Last month we took a look at Google's Android Compatibility Definition Document, which stated that OEMs must use white icons if they're using translucent status bars. This change could provide a more uniform experience across Android devices, something that would be better for consumers and developers alike. But the question remains - will OEMs play ball? Well, the folks at SamMobile have gotten their hands on a leaked Android 4.4 build for the Galaxy S4, and it looks like the answer, at least from the leading Android manufacturer, may be yes.
Google Play Services 4.0 was released in late October just after the Nexus 5 and Kit Kat became official, bringing with it plenty of improvements to things like Google+ sign-in, Wallet, Location services, and more.
Today, via the Android Developers Blog, Google announced the rollout of Google Play Services 4.1, which offers developers more and better tools to make compelling apps.
Ever since Android was released, there have been attempts to build it into appliances. None of these products have kicked off the era of smart appliances we've all been dreaming about, but Dacor is back at CES this year with yet another Android-powered appliance in its Discovery iQ series. The Discovery iQ 48” Dual-Fuel Range has a 7-inch Android 4.0 tablet built right into the front panel.
The Android tablet can run apps and control all the functions of the oven via the touchscreen and the included Discovery iQ app.
Getting in some early news, Samsung has - as part of CES 2014 - announced its new Samsung Smart Home service, a means by which users will be able to control all their connected home appliances (from refrigerators to air conditioners to smart light bulbs) through a single app on their compatible smartphone, tablet, smart TV, or wearable device.
To start, the service will cover three main areas, which Samsung identifies as Device Control, Home View, and Smart Customer Service.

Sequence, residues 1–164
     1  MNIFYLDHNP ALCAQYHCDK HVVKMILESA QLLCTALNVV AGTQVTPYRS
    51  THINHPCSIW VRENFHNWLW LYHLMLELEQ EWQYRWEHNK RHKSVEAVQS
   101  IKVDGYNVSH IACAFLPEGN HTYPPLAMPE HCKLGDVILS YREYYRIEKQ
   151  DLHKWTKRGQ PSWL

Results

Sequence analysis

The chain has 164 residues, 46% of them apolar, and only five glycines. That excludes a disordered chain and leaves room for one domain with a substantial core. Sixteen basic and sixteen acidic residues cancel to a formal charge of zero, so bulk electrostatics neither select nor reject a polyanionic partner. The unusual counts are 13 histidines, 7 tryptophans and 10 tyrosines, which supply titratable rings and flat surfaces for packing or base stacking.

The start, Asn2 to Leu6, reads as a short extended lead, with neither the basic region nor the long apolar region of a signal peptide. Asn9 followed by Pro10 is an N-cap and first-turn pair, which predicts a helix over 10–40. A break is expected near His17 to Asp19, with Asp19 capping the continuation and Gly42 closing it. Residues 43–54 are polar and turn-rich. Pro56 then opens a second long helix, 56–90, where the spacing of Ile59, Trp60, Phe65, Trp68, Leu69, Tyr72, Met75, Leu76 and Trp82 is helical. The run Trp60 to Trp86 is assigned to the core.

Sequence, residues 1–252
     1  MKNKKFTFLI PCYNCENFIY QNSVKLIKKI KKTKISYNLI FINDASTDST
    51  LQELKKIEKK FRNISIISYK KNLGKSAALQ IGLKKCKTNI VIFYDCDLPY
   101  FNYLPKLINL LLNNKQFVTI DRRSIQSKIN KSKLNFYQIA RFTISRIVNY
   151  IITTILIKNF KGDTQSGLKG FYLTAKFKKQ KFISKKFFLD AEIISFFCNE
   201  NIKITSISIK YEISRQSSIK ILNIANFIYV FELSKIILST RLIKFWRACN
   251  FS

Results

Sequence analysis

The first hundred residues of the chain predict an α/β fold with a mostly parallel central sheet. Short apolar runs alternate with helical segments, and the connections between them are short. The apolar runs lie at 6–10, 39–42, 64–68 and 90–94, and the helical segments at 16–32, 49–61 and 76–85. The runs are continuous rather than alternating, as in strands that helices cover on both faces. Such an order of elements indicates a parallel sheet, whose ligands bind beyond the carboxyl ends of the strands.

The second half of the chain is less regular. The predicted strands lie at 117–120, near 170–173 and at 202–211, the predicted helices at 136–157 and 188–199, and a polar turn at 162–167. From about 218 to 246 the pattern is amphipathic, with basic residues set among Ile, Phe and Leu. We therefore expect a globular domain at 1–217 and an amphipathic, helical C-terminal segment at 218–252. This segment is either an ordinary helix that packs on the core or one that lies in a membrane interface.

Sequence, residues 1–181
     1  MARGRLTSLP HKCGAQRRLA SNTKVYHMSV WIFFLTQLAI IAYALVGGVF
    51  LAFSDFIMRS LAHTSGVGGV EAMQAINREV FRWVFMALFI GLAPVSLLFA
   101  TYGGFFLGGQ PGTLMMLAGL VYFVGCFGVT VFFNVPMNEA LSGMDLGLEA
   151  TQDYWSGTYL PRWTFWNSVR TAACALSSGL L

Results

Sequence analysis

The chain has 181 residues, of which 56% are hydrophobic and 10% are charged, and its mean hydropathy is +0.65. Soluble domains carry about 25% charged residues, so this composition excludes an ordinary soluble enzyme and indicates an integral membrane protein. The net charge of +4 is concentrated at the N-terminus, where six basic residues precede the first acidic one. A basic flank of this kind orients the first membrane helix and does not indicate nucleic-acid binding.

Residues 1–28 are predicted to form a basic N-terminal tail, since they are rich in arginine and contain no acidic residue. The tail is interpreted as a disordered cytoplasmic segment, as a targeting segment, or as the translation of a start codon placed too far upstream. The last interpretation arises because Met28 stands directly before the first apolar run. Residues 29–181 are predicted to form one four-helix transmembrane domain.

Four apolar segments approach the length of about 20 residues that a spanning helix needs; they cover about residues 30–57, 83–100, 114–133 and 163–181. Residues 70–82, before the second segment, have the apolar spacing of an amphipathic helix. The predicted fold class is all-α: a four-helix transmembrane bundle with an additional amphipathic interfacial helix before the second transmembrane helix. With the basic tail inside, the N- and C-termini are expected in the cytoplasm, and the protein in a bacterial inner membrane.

It's been almost exactly one month since the CyanogenMod team published its first build of Android 4.4 for Nexus devices, and now the second M or "snapshot" release is rolling out. This time CyanogenMod 11 is going out to a much wider subset of the officially-supported device list, with most of the big players in the Nexus, Galaxy S4, and HTC One lines getting M builds, among many others. You can check to see if your device has a CM11 M2 ROM available at the download page.
Android 4.4 finally added native screen recording, but it's only accessible via an ADB command on unrooted devices. There are a few apps that extend that functionality with root access, but Rec. might be the best of the bunch right now. This app includes bitrate adjustment, record times up to 1 hour, ending recordings manually, and more.
Android makes it very easy to add your own ringtones, notification sounds, and alarm sounds to your device. Simply move a sound file to the Notifications, Alarms, or Ringtones folder on your internal storage, and you're done. A new bug has popped up in Android 4.4.2, however, which could make this a bit more complicated. Currently, unless the sounds are added via a computer, they will not show up in your lists of available sounds.
HTC is pulling back the curtain a bit to give us a peek at what goes into a device update. Not only that, but it has broken out the different versions of the HTC One with individual KitKat statuses and a big infographic explaining the process.
The HTC One comes in three basic types – the carrier version, unlocked/developer edition, and the Google Play Edition device. Of course, it's the carrier version of the HTC One at Sprint, AT&T, Verizon, and T-Mobile still waiting on KitKat.
Typically Christmas day is a slow one for technology news, but apparently the good folks at the Android Open Kang Project have dragged their coding machines in front of the open fire. Today AOKP has posted the first nightly builds of Android 4.4.2, granting deliciously fresh custom ROMs to all the good little girls and boys. And all the bad ones too, I suppose.
The list of initially-supported devices doesn't cover AOKP's official support list yet, but it covers most of the major Nexus devices, Samsung's Galaxy SIII and S4 American and international incarnations, all five major versions of the HTC One, and a handful of Sony devices (because they tend to be pretty open as far as bootloaders and modifications go).